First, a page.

During my time teaching a decolonising elective, I had a suspicion that we weren't actually going to teach people much about Indigenous knowledge. But rather, do a lot of work unlearning and disengaging the discipline and ourselves from the colonial histories that we embody. We need to understand that these possessive tendencies and ideas that we consider normal, are really rooted in racism, dispossession and white supremacy.
Before we can start to genuinely engage with Indigenous knowledges, there’s so much work we need to do as a discipline to reflect on what we do as people, as architects and as spatial practitioners. At this point in time, the way Indigenous knowledge is being approached is essentially a reflection of how solution-hungry our discipline is. The urgency of our current political and environmental situation creates good conditions for the continued extraction of our marginalised perspectives—merely as a “quick fix” or a “quick solution” to undo centuries of colonial damage.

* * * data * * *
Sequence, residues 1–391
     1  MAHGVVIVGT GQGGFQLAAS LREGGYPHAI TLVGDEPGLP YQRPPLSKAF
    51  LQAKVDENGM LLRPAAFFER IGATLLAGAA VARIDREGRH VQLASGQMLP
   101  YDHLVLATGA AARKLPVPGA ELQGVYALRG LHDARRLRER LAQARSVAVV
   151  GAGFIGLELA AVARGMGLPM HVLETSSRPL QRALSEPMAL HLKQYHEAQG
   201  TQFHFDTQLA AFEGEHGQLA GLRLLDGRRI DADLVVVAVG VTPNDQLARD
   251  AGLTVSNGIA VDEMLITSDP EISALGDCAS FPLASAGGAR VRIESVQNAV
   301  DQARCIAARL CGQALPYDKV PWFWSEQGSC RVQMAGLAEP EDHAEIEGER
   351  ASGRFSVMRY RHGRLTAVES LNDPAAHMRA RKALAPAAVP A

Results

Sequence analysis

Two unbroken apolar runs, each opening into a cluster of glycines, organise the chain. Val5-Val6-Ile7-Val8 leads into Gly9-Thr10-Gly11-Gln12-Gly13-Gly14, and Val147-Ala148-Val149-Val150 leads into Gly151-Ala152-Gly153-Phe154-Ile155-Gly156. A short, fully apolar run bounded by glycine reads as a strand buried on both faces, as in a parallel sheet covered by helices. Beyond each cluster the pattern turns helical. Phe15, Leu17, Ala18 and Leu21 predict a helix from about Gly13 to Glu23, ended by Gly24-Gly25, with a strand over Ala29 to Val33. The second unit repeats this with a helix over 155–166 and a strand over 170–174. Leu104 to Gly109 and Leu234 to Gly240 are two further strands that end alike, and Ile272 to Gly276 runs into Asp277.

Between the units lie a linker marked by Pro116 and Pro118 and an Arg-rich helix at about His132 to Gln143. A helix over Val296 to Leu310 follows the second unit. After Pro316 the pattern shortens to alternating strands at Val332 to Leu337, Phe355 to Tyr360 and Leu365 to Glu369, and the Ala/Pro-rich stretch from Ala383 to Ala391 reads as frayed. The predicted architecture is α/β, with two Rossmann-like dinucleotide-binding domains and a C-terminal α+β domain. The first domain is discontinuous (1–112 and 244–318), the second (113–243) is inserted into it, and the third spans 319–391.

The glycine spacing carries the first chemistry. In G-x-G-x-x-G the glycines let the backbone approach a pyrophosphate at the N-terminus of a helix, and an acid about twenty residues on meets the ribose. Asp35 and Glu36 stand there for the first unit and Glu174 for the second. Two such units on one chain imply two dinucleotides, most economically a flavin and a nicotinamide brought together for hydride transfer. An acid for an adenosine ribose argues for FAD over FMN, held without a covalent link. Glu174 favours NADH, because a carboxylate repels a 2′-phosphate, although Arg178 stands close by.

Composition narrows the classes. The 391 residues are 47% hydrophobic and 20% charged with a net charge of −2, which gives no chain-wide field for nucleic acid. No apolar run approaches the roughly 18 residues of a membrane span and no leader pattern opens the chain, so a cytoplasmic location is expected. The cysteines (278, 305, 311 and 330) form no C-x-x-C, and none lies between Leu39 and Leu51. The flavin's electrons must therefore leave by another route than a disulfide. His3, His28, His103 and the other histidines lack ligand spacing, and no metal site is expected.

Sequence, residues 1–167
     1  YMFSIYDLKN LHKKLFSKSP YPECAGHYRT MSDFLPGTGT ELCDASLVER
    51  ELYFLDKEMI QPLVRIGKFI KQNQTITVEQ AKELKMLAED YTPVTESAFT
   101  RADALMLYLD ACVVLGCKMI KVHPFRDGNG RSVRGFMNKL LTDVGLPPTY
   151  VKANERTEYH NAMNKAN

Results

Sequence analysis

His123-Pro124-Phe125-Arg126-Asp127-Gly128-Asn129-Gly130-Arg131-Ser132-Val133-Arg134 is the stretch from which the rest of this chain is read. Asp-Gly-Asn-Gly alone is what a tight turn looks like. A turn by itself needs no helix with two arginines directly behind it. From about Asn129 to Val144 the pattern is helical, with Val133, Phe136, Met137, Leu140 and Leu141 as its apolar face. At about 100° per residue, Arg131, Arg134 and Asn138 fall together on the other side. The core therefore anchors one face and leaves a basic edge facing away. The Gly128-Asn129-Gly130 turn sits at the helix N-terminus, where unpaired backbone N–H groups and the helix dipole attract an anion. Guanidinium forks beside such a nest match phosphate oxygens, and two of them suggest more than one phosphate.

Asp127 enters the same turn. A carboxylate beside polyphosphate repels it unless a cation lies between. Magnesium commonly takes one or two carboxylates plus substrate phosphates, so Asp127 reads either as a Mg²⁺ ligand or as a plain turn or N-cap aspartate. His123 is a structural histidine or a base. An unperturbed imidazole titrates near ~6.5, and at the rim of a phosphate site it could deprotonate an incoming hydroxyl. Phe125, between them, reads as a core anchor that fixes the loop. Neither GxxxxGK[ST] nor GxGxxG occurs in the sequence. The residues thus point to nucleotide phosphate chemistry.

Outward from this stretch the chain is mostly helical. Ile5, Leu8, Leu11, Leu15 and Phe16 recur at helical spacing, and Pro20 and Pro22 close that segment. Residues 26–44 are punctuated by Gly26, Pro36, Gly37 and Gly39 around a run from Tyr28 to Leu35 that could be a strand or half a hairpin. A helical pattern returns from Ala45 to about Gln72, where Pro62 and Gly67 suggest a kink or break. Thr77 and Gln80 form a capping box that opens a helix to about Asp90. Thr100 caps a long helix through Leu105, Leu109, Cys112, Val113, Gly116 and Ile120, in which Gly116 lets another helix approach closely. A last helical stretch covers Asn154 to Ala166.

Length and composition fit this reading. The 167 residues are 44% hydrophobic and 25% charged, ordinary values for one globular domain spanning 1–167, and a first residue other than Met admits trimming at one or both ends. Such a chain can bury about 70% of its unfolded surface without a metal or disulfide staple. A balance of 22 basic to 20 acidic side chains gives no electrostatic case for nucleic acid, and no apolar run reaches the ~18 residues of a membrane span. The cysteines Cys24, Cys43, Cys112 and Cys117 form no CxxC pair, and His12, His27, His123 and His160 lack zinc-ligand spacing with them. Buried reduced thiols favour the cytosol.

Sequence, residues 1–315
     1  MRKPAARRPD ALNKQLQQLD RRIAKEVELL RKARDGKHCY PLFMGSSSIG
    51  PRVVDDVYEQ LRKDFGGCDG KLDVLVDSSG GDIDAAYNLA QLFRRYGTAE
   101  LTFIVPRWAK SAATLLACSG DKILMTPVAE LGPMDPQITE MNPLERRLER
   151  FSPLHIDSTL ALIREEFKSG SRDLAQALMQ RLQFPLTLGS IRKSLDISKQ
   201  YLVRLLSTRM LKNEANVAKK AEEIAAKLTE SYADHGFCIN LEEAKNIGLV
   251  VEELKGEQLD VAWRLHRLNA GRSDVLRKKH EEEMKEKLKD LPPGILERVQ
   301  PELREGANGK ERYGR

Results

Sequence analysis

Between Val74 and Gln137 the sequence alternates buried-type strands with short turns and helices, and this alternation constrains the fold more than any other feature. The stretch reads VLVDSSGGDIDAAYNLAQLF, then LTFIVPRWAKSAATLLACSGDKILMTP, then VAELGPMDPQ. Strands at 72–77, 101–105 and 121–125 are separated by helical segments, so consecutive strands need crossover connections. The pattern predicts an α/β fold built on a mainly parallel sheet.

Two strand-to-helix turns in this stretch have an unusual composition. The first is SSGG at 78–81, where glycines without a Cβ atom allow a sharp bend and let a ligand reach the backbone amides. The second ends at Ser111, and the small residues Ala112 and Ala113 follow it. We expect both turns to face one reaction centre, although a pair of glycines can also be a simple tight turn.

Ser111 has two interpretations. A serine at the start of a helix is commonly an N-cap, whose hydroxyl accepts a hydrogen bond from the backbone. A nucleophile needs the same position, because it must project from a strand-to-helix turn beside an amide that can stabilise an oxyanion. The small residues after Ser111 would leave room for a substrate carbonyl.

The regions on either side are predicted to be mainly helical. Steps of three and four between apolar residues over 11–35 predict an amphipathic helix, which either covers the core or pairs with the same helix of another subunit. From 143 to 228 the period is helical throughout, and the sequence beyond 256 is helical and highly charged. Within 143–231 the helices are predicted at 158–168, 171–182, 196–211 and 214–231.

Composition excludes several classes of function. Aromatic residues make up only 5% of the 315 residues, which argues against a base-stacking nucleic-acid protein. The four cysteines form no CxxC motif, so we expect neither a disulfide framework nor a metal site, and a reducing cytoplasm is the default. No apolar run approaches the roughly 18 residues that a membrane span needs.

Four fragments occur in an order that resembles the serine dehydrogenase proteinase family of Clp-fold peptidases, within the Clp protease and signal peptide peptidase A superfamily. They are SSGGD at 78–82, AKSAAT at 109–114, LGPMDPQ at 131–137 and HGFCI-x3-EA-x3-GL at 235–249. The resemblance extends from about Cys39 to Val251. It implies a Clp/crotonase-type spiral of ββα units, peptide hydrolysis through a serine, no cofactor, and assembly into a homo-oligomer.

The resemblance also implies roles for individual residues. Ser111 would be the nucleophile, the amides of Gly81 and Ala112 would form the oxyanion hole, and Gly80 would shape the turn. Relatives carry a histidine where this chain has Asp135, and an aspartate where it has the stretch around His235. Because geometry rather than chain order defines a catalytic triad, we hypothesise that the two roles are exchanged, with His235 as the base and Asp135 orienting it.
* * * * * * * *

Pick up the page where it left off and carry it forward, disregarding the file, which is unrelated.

The terminology that frames the anthropocene—the idea that a geological age has come from our own wrought and now we have to equally distribute the blame for what's happening to the earth, is fundamentally a racist concept to believe. The resources have never been equally distributed so we cannot equally share the accountability behind it. In the assumption that we need to equally distribute this blame, all knowledge on how to survive becomes up for grabs. That's the mode of thinking that stems from an uncritical engagement with Indigenous knowledge. At the end of the day, it’s Western modes of destructive logic and thinking that got us here, so why can’t they just use those tools to get us out?
They made the categories. They created the institutions, the sciences, the disciplines of knowledge, they even created race—they created all these things. They actually have all the toolsets, but they have to be reflective enough to think of ways on how to use them. I don't know how that will actually happen, however, without that level of reflection, they can’t genuinely engage with any real attempts at change.
You have to critically engage with the things that we take as the banal—plain truths of what we do. You have to think harder about how the processes we're all engaged in create the unjust and unequal situations that we find in the world. For example, we talk a lot about context in design, especially in architecture—it's so central to so many aspects, but we are not offered much in our education to actually understand a site. We must ask ourselves, “who am I to be here and who am I to say this? Whose documents are telling me what this place is?” We need to be critically engaged with those histories and narratives.